As previously reported, in June of last year, the Brazilian PTO opened a public consultation on the technical note regarding patentability requirements for inventions related to transgenic plants, especially elite events. After receiving comments and suggestions from interested parties, the BPTO revised and reformulated some points of the technical note and published yesterday (May 09, 2023) its final version as Technical Note BRPTO/CPAPD #01/2023. The main modifications are highlighted below.
Firstly, the BPTO provided an updated definition regarding an elite event, indicating four distinctive features, namely (emphasis added): “An elite event is a plant modification event (1) through the insertion of an exogenous DNA (2) using molecular tools, for example, a genetic construct (3) wherein said insertion is in a stable form and took place at a specific site of the plant genome, which is determined explicitly through disclosing the polynucleotide sequences that flank the insert (4), which gives the plant a superior technical effect when compared to other transformation events, not being the result of an arbitrary selection”.
Secondly, the BPTO made it clear that although transgenic plants are not patentable in Brazil, the assessment of the novelty and inventiveness thereof should be carried out in order to check the patentability requirements of the interconnected auxiliary inventions (such as DNA molecule, method of identifying plants comprising said elite event, among others).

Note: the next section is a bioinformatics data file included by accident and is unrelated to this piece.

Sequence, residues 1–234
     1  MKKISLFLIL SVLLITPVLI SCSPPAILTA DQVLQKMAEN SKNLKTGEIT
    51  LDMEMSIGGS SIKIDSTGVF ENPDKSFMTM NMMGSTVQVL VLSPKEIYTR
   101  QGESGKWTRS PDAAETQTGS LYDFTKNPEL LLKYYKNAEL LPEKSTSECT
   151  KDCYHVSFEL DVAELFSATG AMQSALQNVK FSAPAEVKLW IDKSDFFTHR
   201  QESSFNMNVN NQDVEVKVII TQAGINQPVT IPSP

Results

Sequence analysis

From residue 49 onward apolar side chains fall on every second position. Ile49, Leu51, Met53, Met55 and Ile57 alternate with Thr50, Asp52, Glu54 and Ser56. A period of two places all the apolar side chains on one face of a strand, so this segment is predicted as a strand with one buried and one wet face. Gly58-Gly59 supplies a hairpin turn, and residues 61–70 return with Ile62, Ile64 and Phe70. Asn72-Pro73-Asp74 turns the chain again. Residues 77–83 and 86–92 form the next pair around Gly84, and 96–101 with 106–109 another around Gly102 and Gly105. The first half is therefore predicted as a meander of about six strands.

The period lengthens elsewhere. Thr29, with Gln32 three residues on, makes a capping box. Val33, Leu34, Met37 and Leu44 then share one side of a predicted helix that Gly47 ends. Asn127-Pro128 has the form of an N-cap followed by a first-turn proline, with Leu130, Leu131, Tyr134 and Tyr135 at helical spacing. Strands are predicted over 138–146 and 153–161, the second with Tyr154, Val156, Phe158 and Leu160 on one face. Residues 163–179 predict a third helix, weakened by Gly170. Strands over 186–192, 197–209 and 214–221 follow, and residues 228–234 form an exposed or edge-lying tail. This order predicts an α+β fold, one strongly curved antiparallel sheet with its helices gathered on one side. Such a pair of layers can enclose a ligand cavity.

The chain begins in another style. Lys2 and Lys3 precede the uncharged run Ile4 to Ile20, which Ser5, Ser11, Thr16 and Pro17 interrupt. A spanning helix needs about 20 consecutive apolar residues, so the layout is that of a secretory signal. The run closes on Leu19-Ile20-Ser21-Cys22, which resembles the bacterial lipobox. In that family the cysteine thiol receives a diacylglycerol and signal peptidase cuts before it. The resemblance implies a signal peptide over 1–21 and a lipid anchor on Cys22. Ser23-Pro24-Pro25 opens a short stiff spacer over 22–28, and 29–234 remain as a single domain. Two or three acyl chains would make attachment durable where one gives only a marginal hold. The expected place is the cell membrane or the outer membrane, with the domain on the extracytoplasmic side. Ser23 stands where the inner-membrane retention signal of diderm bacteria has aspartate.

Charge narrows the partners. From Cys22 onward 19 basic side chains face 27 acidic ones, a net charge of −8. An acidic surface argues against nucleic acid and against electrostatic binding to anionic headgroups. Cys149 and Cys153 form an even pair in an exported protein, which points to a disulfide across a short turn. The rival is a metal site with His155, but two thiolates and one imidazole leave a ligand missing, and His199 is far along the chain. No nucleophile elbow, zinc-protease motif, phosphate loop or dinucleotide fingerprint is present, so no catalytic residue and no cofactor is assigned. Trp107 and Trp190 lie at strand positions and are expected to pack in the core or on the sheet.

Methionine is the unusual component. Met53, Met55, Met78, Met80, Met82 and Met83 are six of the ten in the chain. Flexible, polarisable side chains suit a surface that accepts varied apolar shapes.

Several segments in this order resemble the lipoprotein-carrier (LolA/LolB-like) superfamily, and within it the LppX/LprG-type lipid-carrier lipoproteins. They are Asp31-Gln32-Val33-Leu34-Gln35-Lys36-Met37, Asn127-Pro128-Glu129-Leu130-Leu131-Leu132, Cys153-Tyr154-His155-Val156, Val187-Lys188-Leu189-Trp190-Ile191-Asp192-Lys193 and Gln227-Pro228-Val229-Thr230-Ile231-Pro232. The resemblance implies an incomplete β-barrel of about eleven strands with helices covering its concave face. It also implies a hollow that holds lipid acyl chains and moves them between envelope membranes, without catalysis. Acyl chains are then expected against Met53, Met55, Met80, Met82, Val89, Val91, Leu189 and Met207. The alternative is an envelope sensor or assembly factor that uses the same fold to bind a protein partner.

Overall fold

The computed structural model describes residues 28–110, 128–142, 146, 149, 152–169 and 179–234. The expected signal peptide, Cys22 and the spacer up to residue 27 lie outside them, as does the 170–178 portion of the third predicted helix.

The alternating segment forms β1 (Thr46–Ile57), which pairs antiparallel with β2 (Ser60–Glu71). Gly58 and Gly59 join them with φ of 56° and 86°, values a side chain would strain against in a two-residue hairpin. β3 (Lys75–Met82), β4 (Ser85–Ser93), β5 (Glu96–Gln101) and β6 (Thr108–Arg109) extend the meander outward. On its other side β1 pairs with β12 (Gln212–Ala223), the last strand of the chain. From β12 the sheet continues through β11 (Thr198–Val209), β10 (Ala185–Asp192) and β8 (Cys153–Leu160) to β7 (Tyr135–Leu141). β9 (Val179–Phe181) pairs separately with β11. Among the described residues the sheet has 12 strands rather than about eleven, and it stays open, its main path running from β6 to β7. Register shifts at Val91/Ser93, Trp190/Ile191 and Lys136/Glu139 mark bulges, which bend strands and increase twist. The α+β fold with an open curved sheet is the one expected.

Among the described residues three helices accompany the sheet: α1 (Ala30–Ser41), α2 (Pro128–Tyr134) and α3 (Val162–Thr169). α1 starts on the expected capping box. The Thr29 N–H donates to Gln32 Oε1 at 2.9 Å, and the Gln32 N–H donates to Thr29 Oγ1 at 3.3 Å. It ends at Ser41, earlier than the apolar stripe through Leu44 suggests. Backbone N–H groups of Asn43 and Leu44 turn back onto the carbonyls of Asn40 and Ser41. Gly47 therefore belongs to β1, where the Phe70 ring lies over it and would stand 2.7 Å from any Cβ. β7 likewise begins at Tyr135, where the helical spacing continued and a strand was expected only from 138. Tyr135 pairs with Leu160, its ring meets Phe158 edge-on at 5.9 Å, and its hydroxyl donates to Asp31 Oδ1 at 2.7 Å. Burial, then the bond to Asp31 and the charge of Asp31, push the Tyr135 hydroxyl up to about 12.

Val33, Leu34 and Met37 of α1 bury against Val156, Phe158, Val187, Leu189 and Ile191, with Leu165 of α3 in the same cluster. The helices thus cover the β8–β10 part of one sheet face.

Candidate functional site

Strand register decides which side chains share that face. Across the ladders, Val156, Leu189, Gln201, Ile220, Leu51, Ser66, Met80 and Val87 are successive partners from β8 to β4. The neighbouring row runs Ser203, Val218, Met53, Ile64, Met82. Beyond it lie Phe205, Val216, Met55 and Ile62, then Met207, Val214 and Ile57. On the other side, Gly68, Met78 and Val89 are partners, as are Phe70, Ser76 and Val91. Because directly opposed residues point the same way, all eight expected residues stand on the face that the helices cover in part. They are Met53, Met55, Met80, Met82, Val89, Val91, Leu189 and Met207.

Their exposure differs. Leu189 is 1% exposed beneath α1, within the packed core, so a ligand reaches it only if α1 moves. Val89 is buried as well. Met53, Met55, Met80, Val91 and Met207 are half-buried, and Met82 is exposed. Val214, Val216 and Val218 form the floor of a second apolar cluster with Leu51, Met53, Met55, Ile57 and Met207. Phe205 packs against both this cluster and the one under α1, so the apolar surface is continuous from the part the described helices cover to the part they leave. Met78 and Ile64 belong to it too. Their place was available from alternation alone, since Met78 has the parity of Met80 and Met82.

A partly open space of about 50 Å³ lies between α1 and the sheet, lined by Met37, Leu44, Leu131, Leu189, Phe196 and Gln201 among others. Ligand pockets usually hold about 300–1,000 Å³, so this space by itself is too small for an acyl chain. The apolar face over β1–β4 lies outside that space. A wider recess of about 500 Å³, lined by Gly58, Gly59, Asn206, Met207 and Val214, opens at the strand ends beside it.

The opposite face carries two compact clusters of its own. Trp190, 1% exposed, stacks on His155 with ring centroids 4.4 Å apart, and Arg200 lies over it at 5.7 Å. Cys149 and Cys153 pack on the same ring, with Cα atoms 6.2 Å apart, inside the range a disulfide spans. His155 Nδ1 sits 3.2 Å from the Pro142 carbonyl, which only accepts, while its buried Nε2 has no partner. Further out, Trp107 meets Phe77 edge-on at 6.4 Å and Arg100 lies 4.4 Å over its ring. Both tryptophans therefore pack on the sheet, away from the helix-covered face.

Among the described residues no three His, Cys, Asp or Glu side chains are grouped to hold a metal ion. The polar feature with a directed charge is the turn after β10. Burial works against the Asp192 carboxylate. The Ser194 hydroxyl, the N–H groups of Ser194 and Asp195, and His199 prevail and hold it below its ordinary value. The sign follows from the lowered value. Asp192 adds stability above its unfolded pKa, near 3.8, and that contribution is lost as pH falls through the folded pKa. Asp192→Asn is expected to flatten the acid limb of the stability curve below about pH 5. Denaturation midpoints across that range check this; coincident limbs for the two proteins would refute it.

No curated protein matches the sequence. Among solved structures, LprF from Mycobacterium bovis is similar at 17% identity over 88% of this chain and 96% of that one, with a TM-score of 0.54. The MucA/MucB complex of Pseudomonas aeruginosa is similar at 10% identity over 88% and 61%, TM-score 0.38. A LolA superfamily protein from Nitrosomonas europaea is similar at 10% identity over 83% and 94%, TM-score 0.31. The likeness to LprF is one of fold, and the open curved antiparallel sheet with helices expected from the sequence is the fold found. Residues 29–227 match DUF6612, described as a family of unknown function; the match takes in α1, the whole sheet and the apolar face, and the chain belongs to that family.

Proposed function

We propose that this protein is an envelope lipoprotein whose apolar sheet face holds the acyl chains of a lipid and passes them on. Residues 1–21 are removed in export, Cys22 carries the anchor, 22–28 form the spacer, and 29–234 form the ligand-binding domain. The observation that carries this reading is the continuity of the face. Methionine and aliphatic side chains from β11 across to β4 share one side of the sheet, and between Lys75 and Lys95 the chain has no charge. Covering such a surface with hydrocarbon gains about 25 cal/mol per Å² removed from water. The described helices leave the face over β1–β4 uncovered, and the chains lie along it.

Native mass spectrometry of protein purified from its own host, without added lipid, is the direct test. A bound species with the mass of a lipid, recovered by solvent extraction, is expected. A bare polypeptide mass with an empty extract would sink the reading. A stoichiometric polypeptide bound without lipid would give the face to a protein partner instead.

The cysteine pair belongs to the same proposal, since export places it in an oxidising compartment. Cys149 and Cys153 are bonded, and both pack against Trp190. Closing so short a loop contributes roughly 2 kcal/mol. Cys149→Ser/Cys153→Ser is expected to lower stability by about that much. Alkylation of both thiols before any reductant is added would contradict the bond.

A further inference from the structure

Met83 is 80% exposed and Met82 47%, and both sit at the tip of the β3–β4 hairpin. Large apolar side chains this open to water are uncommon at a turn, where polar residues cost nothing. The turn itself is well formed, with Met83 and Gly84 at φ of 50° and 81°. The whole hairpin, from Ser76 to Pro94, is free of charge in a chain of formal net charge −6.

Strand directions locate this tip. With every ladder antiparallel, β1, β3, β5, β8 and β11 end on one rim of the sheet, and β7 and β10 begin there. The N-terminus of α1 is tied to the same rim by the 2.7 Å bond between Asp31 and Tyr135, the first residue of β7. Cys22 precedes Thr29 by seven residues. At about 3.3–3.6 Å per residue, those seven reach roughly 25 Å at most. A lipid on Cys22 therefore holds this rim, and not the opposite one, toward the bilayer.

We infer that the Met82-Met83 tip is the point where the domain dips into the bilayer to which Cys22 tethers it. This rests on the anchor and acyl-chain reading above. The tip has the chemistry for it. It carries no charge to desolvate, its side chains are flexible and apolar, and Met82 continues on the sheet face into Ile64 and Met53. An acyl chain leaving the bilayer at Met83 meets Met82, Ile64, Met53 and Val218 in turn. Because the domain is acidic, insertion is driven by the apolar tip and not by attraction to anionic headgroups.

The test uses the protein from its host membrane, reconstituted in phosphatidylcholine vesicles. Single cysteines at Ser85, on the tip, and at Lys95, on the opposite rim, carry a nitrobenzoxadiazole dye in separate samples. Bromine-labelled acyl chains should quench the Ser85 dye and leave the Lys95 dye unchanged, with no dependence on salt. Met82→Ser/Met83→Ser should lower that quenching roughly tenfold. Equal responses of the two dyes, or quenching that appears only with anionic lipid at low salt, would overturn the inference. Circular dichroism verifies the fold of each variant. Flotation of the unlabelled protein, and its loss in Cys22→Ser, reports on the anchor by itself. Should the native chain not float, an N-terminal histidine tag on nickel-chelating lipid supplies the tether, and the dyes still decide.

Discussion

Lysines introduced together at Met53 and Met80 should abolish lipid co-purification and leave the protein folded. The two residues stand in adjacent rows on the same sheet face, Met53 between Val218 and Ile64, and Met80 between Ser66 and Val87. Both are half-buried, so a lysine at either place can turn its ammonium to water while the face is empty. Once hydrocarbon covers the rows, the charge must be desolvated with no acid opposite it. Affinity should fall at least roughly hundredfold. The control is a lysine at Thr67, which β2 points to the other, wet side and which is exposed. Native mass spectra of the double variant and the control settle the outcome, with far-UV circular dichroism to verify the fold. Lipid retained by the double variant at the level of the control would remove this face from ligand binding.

Furthermore, the BPTO made the understanding more flexible that a plant genome or DNA molecule inserted into the plant does not confer protection to the plant per se, which is not patentable. In this sense, the BPTO provided the following claim language that would be acceptable (emphasis added):
[DNA molecule] or [Genome] characterized by comprising SEQ ID NO: X* and being inserted in a plant or part**.
* provided that said SEQ ID NO: refers to the insert/genome junction sequence.
** such as seeds and cells; this passage is considered a mere additional feature since the SEQ ID is what characterizes the molecule.
In the same way, the use of the expression “isolated” in the claim wording is no longer suggested to demonstrate that a claimed auxiliary invention does not seek protection for the plant itself, as well as plant genome and genomic DNA are not considered as synonyms in this final version.
Also, the BPTO updated the following examples of auxiliary inventions that are eligible to patent protection in Brazil:
Finally, the BPTO maintained the position that the guidelines established in this Technical Note should be immediately applied to the patent applications under examination, including in the second administrative instance (the administrative appeal phase).